This is the one-page study plan of a project carried out by Valerie Flaherman, MD, MPH, begun while she was a general pediatrics fellow at UCSF. Most beginning investigators find observational studies easier to pull off, but in this case a randomized clinical trial of modest size and scope was feasible, the only design that could adequately address the research question, and ultimately successful.

Title: Effect of Early Limited Formula Use on Breastfeeding

Research question:

Among term newborns who have lost >=5% of their birth weight before 36 hours of age, does feeding 10 cc of formula by syringe after each breastfeeding before the onset of mature milk production increase the likelihood of subsequent successful breastfeeding?


  1. Breast milk volume is low until mature milk production begins 2-5 days after birth.
  2. Some mothers become worried if the onset of mature milk production is late and their baby loses a lot of weight, leading them to abandon breastfeeding within the first week. A strategy that increased the proportion of mothers who succeed in breastfeeding would have many health and psycho-social benefits to mother and child.
  3. Observational studies have found that formula feeding in the first few days after birth is associated with decreased breastfeeding duration. Although this could be due to confounding by indication, the finding has led to WHO and CDC guidelines aimed at reducing the use of formula during the birth hospitalization.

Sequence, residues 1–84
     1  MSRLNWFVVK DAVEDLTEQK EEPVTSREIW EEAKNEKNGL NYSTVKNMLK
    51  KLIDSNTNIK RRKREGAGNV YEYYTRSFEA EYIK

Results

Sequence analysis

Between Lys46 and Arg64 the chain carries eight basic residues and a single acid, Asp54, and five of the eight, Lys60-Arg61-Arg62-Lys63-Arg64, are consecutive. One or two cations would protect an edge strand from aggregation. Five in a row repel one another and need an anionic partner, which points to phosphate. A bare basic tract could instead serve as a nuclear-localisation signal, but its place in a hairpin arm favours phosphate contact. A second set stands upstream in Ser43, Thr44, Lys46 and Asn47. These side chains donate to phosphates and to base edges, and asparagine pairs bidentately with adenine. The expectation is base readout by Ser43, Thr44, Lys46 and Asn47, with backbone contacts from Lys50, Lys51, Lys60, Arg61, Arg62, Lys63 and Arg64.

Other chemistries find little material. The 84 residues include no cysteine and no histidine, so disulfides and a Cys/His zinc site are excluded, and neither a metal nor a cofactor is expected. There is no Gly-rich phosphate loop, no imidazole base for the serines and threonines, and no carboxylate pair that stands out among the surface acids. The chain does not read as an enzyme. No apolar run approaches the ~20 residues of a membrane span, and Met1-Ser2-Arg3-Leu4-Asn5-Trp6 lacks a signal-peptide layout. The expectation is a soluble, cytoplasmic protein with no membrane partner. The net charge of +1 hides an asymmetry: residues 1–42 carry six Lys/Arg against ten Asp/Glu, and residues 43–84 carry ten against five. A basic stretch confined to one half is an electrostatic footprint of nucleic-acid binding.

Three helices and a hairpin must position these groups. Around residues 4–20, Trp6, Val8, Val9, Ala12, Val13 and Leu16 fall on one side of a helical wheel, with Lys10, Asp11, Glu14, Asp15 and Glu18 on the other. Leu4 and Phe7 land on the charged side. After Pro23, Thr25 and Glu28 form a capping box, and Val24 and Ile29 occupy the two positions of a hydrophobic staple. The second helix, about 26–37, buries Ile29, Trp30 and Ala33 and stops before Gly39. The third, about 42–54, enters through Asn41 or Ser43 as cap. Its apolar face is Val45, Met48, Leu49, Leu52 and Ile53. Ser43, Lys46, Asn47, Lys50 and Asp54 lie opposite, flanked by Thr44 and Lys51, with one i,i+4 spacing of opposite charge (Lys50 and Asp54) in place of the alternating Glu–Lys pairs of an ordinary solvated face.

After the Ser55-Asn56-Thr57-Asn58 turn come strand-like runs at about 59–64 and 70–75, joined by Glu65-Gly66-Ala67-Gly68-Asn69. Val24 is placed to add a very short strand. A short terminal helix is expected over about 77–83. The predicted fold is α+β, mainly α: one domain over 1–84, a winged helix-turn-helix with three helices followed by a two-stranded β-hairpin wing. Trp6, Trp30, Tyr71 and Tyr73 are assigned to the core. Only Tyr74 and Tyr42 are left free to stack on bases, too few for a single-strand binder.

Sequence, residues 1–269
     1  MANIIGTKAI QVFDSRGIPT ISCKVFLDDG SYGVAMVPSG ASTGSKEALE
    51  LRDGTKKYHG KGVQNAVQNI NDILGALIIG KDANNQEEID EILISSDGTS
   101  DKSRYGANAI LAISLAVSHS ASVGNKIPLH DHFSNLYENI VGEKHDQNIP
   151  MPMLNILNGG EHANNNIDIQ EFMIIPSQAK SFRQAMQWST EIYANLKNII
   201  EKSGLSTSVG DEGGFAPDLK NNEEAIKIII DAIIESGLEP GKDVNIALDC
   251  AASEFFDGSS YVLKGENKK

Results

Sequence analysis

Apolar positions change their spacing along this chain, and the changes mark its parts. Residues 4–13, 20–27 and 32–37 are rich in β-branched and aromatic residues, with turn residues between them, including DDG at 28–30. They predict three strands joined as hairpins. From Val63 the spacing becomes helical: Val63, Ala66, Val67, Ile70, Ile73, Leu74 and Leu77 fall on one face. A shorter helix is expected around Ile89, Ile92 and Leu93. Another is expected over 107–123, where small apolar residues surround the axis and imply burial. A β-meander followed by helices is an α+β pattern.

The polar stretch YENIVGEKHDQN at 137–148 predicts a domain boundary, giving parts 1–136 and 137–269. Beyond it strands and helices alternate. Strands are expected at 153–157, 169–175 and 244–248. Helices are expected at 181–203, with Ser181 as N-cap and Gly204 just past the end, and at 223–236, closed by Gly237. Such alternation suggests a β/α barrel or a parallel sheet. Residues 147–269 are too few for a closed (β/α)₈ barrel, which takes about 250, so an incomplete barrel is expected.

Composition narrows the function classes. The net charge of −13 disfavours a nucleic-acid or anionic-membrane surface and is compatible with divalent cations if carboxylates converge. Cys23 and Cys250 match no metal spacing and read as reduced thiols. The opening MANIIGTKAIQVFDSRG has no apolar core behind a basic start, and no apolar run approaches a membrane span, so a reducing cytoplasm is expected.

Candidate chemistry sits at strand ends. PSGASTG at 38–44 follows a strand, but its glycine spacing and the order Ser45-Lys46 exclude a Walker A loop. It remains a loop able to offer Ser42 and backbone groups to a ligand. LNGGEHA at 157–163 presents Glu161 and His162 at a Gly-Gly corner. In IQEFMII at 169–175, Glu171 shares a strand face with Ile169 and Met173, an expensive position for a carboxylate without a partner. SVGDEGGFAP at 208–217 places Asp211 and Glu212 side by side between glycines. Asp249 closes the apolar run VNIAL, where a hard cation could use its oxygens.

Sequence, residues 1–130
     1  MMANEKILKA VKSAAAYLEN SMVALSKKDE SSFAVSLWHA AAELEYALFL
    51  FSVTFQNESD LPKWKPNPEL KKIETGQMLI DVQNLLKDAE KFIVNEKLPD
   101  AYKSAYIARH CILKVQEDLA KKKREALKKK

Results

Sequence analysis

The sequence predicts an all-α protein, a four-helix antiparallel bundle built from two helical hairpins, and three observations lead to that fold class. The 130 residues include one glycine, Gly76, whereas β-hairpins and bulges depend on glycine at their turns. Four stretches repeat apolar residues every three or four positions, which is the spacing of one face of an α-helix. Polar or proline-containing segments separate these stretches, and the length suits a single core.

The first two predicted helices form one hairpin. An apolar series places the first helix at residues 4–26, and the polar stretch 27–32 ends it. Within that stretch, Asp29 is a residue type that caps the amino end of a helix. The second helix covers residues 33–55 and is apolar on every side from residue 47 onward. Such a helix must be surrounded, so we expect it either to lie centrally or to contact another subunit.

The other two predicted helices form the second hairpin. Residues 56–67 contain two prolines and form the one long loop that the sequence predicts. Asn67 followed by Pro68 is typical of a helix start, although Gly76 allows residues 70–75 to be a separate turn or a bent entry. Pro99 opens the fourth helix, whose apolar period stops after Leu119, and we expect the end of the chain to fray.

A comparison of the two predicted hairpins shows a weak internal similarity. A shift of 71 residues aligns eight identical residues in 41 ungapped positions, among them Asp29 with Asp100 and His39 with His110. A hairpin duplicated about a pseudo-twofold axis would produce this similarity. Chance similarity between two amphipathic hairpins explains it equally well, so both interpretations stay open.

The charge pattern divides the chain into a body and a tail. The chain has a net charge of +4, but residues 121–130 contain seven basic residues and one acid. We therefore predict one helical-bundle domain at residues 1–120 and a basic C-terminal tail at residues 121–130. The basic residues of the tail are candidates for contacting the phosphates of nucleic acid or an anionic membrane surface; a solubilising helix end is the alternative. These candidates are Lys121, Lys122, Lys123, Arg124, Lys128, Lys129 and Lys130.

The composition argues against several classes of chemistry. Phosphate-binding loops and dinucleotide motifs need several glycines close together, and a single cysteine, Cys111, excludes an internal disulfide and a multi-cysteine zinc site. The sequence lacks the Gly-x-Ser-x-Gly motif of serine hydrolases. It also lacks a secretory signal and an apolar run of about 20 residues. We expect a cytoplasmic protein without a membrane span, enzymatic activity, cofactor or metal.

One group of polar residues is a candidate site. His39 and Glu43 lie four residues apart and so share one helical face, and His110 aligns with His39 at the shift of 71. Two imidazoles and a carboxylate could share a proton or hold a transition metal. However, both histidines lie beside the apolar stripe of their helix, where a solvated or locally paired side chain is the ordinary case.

4. However, a small amount of formula combined with breastfeeding and counseling might make the early breastfeeding experience more positive and increase the likelihood of success. A clinical trial is needed to assess possible benefits and harms of this strategy.

Study design:

Unblinded randomized control trial with blinded outcome ascertainment


  • Entry criteria: Healthy term newborns 24-48 hours old who have lost >=5% of their birth weight in the first 36 hours after birth.
  • Sampling design: Consecutive sample of consenting patients in two Northern California academic medical centers

Predictor variable, randomly assigned but not blinded:

  • Control: Parents are taught infant soothing techniques.
  • Intervention: Parents are taught to syringe-feed 10 cc of formula after each breastfeeding until the onset of mature milk production.

Outcome variables, blindly ascertained:

  1. Any formula feeding at 1 week and 1, 2, and 3 months
  2. Any breastfeeding at 1 week and 1, 2, and 3 months
  3. Weight nadir

Primary null hypothesis:

Early limited formula does not affect the proportion of women who are breastfeeding their baby at 3 months.